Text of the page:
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Winchester in Frederick County, Virginia — The American South (Mid-Atlantic)
 

"Like A Thousand Bricks"

The Union Cavalry Charge

 

— The Third Battle of Winchester (September 19, 1864) —

 
"Like a Thousand Bricks" image. Click for full size.
By Jay Randall Richardson, August 19, 2020
1. "Like a Thousand Bricks"
Inscription.  Time: Late Afternoon

Standing on this spot on the afternoon of September 19, 1864, you would have witnessed — about a mile to your front — one of the most spectacular scenes of the Civil War... and one of the largest cavalry charges in the history of the Western Hemisphere.


The Union Cavalry, some 6,000 strong had been pushing the Confederates south along the Valley Turnpike (modern-day US-11) throughout the day. Now, with the southern defenses in danger of crumbling, Union commander Gen. Philip Sheridan ordered his cavalry to finish the job.

The Federal horsemen thundered down on the Confederate flank. Union Lt. John Mead Gould described what you would have seen from this spot, as the Federal horsemen advance from your right to the left. "We could see, almost under the setting sun, a great long, whirling cloud... There seemed to be great masses of thick dust rolling within each other like a boiling pot."

The cavalry overran Fort Collier, forcing the Confederates back to their final redoubt outside of Winchester. As the southerners tried to stabilize their lines, the Federal horsemen
Union Cavalry Charge image. Click for full size.
By Jay Randall Richardson, August 19, 2020
2. Union Cavalry Charge
kept up the pressure. Gen. Wesley Merritt regrouped a force of 1,000 men, spearheaded by Gen. George A. Custer's brigade. At the command, "Draw sabers, forward," they advanced again, accelerating to a gallop before smashing into the Confederates.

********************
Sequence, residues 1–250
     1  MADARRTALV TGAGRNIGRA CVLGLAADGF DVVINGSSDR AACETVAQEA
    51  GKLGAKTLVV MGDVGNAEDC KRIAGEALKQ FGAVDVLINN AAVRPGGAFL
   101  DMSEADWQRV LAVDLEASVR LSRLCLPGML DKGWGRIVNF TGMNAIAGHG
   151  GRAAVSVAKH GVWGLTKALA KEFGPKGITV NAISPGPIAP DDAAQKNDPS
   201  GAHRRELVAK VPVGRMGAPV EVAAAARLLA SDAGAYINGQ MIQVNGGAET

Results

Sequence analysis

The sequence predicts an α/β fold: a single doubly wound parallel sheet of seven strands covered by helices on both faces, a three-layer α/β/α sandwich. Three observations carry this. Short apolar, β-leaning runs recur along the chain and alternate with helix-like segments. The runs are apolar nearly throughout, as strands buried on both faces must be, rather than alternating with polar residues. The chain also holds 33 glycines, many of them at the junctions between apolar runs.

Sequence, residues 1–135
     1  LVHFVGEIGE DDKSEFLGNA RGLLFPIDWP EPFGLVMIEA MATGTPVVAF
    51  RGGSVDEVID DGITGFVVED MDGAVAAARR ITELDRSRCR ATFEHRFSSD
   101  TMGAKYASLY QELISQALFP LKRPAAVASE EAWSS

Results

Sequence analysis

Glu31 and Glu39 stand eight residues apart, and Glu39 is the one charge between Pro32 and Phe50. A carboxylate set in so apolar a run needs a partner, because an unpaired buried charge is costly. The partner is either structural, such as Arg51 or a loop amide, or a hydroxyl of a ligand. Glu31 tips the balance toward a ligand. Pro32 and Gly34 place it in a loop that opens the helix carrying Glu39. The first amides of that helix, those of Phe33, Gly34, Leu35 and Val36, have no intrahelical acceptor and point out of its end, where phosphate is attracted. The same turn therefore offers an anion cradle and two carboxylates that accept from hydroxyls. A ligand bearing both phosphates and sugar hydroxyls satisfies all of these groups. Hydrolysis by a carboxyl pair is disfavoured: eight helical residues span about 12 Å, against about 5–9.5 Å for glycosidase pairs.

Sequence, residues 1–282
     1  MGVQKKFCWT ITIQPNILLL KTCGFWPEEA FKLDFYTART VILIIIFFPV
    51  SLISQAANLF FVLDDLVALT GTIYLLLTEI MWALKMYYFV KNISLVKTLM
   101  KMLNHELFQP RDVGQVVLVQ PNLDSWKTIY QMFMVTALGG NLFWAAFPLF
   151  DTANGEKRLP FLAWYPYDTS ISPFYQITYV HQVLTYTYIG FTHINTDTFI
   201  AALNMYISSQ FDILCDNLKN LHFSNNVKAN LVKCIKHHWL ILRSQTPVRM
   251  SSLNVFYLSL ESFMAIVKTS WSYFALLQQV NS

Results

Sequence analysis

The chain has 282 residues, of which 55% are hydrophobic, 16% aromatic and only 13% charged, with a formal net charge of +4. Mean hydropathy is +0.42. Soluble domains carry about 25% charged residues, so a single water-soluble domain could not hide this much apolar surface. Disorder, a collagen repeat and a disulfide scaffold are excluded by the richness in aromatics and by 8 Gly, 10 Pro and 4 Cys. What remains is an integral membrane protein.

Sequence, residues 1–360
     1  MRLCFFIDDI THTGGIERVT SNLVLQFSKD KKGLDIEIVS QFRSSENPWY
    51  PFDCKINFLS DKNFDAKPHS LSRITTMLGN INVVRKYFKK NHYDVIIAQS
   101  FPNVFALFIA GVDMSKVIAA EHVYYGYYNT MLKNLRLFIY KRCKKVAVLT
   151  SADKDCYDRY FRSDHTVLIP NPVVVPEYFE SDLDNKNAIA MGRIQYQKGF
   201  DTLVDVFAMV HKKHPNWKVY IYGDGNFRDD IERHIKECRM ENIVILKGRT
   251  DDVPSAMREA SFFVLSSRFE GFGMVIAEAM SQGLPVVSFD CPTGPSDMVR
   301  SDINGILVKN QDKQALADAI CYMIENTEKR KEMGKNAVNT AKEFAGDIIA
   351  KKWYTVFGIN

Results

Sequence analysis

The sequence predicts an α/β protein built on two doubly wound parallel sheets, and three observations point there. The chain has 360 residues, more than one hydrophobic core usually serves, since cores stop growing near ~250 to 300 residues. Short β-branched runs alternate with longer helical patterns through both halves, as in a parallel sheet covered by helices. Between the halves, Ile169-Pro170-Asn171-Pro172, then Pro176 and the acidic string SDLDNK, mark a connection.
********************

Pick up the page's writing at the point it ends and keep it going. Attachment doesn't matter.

"Down they come where the rebels have partly reformed their line, fairly riding them into the ground," described one Union officer. "...The sabres glisten in the sun as they cut right and left."

"The enemy's line broke into a thousand fragments under the shock," remembered Merritt. The sound of Union cavalry behind them panicked other defenders and the entire Confederate line collapsed, with southern troops racing into Winchester in confusion.

Confederate Sgt. Sam Collier was among those overwhelmed. "They came pouring down upon us like a thousand bricks which of course we could not stand," he remembered. "We fell back... The whole face of the earth was literally alive with rebels running for their lives."

This sign made possible through funds donated by the Millbrook High School Cross Country Team
 
Erected 2020 by Shenandoah Valley Battlefields Foundation.
 
Topics. This historical marker is listed in this topic list: War, US Civil.
 
Location. 39° 12.617′ N, 78° 
"Sheridan's Final Charge at Winchester" by Thure de Thulstrup image. Click for full size.
By L. Prang & Co.
3. "Sheridan's Final Charge at Winchester" by Thure de Thulstrup
Library of Congress [LC-DIG-pga-04046]
7.639′ W. Marker is in Winchester, Virginia, in Frederick County. Marker is on Redbud Road (Virginia Route 661) 0.9 miles east of Martinsburg Pike (U.S. 11), on the right when traveling east. Located in the parking lot of the Third Winchester Battlefield Park. Touch for map. Marker is at or near this postal address: 541 Redbud Rd, Winchester VA 22603, United States of America. Touch for directions.
 
Other nearby markers. At least 8 other markers are within walking distance of this marker. Third Battle of Winchester (a few steps from this marker); Three Battlefields (within shouting distance of this marker); The First Battle of Kernstown (within shouting distance of this marker); The First Battle of Winchester (within shouting distance of this marker); The Second Battle of Winchester (within shouting distance of this marker); The Battle of Rutherford's Farm (within shouting distance of this marker); The Second Battle of Kernstown (within shouting distance of this marker); a different marker also named The Third Battle of Winchester (within shouting distance of this marker). Touch for a list and map of all markers in Winchester.
 
Also see . . .  Third Winchester Battlefield – Redbud Run Trails. Shenandoah Valley Battlefields National Historic District (Submitted on August 21, 2020.) 
 
 
Credits. This page was last revised on August 21, 2020. It was originally submitted on August 20, 2020, by Jay Richardson of Martinsburg, West Virginia. This page has been viewed 78 times since then and 6 times this year. Photos:   1, 2. submitted on August 20, 2020, by Jay Richardson of Martinsburg, West Virginia.   3. submitted on August 20, 2020. • Bernard Fisher was the editor who published this page.
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Jan. 25, 2021